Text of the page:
Thoughts from History of the Kings of Britain

09 Dec

Last week I talked about the book, The History of the Kings of Britain by Geoffrey of Monmouth.

There is a ton of great inspiration you can find in this book that’s just perfect for gaming. Today we think of the Mediterranean as a densely populated region, but in the legendary time of Brutus it was a wilderness in which he could hope to find a new home for his Trojan people.

“Meanwhile the Trojans sailed on for two days and one night, with a favourable wind blowing. Then they touched land at a certain island called Leogetia, which had remained uninhabited since it was laid waste by a piratical attack in ancient times. Brutus landed three hundred armed men on the island to see if anything at all lived there. They found no one, but they killed all sorts of wild animals which they had discovered between the forest pastures and the woodlands.”

They came to a deserted city and there they found a temple of Diana. In the city there was a statue of the goddess whcih gave answers if by chance it was questioned by anyone.”

-Page 64

This could just as easily be the setup for a story by Clark Ashton Smith as a chronicle of history. An ancient lost city, a forgotten temple, it’s an adventure waiting to happen. Proving that they are good adventurers, Brutus’ troops don’t play with the magic statue right away. They return to the ships, deposit the things they’d discovered, and plan what to do next. Brutus decides to make sacrifices to the gods and ask Diana’s help.

“O powerful goddess, terror of the forest glades, yet hope of the wild woodlands, you who have the power to go in orbit through the airy heavens and the halls of hell, pronounce a judgement which concerns the earth. Tell me which lands you wish us to inhabit. Tell me of a safe dwelling-place where I am to worship you down the ages, and where, to the chanting of maidens, I shall dedicate temples to you.”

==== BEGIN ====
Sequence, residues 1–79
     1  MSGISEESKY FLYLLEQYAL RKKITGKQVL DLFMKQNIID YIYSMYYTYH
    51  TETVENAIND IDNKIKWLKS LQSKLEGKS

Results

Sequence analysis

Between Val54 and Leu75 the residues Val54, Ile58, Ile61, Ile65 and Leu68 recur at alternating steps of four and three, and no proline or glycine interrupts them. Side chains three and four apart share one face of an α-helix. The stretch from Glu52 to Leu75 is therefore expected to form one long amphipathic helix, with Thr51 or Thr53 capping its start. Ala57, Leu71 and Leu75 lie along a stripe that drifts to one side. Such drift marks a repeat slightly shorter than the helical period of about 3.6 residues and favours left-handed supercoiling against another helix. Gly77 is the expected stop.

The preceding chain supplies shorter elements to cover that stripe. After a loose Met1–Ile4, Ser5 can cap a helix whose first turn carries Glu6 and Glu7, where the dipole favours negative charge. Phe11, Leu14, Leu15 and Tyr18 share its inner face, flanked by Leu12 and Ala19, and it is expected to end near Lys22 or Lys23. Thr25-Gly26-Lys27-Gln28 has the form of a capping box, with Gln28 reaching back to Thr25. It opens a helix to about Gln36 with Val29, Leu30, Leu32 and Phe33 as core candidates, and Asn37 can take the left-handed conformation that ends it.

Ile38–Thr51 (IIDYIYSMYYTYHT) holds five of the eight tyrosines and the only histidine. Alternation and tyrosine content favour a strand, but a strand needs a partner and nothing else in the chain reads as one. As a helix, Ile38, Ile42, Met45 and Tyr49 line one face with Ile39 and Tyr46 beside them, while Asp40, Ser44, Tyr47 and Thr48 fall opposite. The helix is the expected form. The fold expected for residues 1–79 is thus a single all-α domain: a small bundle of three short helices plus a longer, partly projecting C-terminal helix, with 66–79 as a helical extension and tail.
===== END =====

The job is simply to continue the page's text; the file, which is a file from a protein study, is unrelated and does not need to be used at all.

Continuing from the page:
-Page 65

For a man of the medieval church, Geoffry was remarkably cool with paganism. As long as it was pre-Christian and British. Like all things Saxon, he has nothing nice to say about their religion.

“Brutus, beyond the setting of the sun, past the realms of Gaul, there lies an island in the sea, once occupied by giants. Now it is empty and ready for your folk. Down the years this will prove an abode suited to you and to your people; and for your descendants it will be a second Troy. A race of kings will be born there from your stock and the round circle of the whole earth will be subject to them.”

-Page 65

Thus was Brutus set on the quest for Albion. Though as it turns out Diana isn’t completely right and there are still a few powerful giants living there. Which works out well, as it give Brutus and his people something to heroically strive against once they arrive.